XVIII. Still September
Cooper stood very still. “Okay, what’s the plan?” he asked.
“I’d very much like to not die here,” Al sized him up and refrained from adding with present company. Since those might be her last words she thought she should at least die with the pretense of being nice.
“Yeah, it would be a bummer if we were the last people we each saw,” Cooper said finishing her thought. He scanned the room. “Are you sure about this?”
She rolled her eyes. “Pretty sure, yeah.”
“Okay, I’ll just call for help,” he took his phone out of his pocket and dialed Ant’s number. “Ant’s not answering.” He dialed another number. “Actually, my phone doesn’t seem to be working.” He shook it to see if that would fix it.
“I’m sure they jammed all communication,” she said. “Look what they did to the hotel’s phone.” The phone was ripped out from the wall.
“That seems a bit excessive,” Cooper said.
“Well, I guess they figured the whole room would be destroyed so what the heck?” Al replied.
Cooper nodded at the logic. He scanned the room and couldn’t see any trace of a bomb so slowly started to bend down.
“Wait! What are you doing?” she asked quickly.
“I’m taking a little look-see under the bed here,” he explained.
“Did you not hear me say pressure sensitive?” she asked.
“Look, we have to do something. We can’t just wait until something happens,” he explained calmly and continued to move into position. He slowly pulled the bed spread to the side and looked under the bed. “Huh, what do you know?”
“What? What do you see?”
“A bomb. A nasty variety, too.” He studied it for a moment. “Well, we get to play good news, bad news.”
“What’s the bad news?” Al asked.
“I will tell you the good news. It appears the bomb is not pressure sensitive.”
“So, you didn’t trigger the bomb?”
“No, I don’t think so.”
“That’s good!” she said relieved.
“The bad news is it has been triggered. It’s on a countdown. We have about five minutes. Ironically, that’s how much time I was giving myself to look around the room anyway.”
“Oh, okay,” she said slowly.
His eyes followed a wire from the bomb up the side of the bed. “I take back my good news. It looks like you are wired to the bomb. If you leave this bed the countdown might jump to zero.”
“Oh,” she said again looking down. “You better get out of here, then. Clear out as many people as you can.”
“I won’t be able to clear out very many,” he shook his head and bent down by the bomb. “I better diffuse it.”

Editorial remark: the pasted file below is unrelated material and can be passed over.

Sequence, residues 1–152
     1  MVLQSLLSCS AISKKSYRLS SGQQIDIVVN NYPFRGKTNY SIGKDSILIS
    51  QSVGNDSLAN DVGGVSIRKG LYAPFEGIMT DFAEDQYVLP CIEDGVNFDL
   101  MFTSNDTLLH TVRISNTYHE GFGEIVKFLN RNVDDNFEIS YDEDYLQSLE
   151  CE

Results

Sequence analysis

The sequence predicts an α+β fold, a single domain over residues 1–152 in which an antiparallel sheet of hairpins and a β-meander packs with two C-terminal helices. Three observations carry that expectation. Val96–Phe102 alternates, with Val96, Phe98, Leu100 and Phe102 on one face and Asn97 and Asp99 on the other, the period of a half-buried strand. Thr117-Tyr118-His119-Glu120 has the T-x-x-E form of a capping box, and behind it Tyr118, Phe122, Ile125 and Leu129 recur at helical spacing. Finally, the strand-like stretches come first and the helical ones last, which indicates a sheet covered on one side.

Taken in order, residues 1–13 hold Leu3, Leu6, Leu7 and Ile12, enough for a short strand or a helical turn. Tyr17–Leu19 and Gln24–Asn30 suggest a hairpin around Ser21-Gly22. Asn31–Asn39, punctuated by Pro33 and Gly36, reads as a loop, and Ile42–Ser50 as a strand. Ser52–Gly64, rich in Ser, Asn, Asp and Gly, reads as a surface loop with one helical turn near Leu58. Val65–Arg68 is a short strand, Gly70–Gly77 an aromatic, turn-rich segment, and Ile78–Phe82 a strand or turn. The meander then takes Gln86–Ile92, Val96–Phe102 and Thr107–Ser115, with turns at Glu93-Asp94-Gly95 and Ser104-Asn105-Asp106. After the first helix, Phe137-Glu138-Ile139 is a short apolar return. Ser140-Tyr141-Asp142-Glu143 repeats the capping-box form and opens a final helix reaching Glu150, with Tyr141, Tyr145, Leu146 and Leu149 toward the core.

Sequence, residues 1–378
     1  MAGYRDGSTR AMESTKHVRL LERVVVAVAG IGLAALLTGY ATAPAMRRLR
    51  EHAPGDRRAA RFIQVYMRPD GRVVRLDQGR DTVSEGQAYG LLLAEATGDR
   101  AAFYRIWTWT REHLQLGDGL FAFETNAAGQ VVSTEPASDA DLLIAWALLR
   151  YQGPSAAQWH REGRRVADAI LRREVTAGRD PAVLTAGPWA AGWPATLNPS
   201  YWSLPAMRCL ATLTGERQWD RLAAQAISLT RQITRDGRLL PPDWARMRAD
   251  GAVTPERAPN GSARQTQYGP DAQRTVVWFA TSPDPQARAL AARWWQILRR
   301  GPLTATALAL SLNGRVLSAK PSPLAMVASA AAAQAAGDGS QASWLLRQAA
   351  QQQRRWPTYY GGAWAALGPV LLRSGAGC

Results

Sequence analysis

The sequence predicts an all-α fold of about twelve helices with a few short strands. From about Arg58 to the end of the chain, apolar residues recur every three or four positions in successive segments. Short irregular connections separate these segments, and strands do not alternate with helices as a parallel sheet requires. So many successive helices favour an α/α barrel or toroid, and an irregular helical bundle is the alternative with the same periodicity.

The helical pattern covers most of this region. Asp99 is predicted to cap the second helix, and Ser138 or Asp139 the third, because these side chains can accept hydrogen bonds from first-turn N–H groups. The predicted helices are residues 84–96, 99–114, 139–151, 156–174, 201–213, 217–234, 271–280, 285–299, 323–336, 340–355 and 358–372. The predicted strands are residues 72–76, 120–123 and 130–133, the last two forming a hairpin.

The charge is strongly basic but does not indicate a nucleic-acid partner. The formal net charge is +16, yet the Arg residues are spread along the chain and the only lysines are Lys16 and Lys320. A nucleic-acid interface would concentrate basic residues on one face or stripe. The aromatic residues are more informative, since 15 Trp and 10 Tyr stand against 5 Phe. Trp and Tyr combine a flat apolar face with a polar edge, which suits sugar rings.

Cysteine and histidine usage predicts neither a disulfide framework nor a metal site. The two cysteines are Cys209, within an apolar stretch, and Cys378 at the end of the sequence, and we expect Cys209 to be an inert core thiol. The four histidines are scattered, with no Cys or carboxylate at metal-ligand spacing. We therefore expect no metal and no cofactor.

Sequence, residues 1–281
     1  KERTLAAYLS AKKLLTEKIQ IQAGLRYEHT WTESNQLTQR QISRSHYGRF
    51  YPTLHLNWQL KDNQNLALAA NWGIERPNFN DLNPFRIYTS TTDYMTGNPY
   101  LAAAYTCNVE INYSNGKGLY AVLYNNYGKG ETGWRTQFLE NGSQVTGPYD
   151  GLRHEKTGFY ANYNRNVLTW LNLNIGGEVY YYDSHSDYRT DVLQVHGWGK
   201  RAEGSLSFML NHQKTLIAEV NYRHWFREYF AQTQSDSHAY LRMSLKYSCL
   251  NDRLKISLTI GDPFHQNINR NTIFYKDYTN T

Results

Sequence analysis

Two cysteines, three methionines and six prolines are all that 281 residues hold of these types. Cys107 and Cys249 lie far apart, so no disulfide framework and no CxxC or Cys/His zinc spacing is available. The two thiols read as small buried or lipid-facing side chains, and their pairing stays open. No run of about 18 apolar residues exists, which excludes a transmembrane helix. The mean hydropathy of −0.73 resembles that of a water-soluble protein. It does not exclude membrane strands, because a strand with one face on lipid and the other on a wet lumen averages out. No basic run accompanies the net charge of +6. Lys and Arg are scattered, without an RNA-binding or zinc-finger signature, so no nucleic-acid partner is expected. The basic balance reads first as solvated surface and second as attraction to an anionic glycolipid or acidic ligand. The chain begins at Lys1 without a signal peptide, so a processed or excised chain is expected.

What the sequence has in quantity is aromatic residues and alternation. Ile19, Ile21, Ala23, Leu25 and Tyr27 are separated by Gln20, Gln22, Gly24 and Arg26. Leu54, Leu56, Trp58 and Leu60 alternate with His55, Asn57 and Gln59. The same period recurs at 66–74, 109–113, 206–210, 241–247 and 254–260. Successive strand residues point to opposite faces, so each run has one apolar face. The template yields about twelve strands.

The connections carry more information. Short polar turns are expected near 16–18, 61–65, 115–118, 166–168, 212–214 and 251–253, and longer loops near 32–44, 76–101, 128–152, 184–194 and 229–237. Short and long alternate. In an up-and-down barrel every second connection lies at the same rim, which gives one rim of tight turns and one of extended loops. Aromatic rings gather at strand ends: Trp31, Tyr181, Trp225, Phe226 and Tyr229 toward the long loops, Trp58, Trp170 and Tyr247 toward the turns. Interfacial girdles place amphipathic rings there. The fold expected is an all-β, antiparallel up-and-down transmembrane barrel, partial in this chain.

“You’re going to do what?” she yelled. “Clear out, now! Get out of here!”
“Yeah, that’s not going to happen,” he looked at all the wires.
“Do you even know what you’re doing?”
He looked up at her. “This reminds me of an episode of Lois and Clark,” he said and bent down closer to the bomb. “No worries.”
“Who is Lois and Clark?” she asked. “Wait, do you mean Superman? Are you going to attempt to diffuse a bomb underneath me based on a television show?”
He didn’t respond.
“Which version of Superman?” she asked.
“Oh no, no, no. You can’t be serious? Tell me you’re not serious.”
“Done,” he said. “The timer has stopped. Now, I’m going to untie you and we are going to get you off this bed slowly. There is a chance there might be a backup trigger to arm it again.” He stood up and untied her feet then took a slow step toward the headboard. “So far so good,” he untied her left hand without putting any pressure on the mattress. “I don’t think we want to push our luck by having me walk around the bed. “Can you untie your other hand?”
It was unnecessary to ask since she had already set to work doing so.
“Good,” he said and could feel his palms were sweaty. He took a deep breath and held his hand out to her. “Ready?”
She looked around the room but there was no alternative. She reached her hand out to his and could feel him pull her up. The momentum of the action caused her to stand up quickly so that she could feel his breath on her forehead when they both exhaled at the same time.
“That worked out well,” he said. “Shall we leave?”
She nodded and they couldn’t help but move cautiously toward the door unsure if something else would start the bomb ticking again. Once outside the door, Cooper leaned his back against it and bent his head down. “I can’t believe that worked,” he said forcing a nervous laugh.
“To think, you learned that from some cheesy superhero show?”
“No,” he said. “Whenever you guys leave me in the van I’ve been reading the manuals in there. I just happened to have read the procedure on bomb scenarios during last week’s mission. The example in the manual happened to be the same kind of bomb under the bed.”
Al didn’t know whether to laugh, yell, cry, hit, hug, or kiss him. Instead, she just stood there.
Cooper regained his senses. “Do you know where Ant is? I didn’t see him on my way to the room.” He looked at his phone. “I think my phone is working out here.”
“They took my phone, let me see yours,” she made a call and reported the bomb in the room to the team. After she hung-up she said, “No one has seen Ant for at least 20 minutes. Let’s go find him.”
They started down the hall. “By the way, thank you for that.”
“What? he asked.
“You’re going to make me say this, aren’t you?”
“Fine. Thanks for saving my life. For not leaving me.”
He shrugged again. “We’re a team, right? That’s what teams do.”
They were at the elevator and he pushed the down button. “We should use the stair case,” Al said turning to find the entrance to the stairs.
The elevator beeped and the doors opened. “Uh, I think you should look in the elevator,” Cooper said.
Al turned to look and saw a man on the floor. She hurried in and noticed blood pooling by his stomach. Cooper knelt down and looked at her. They had found Ant.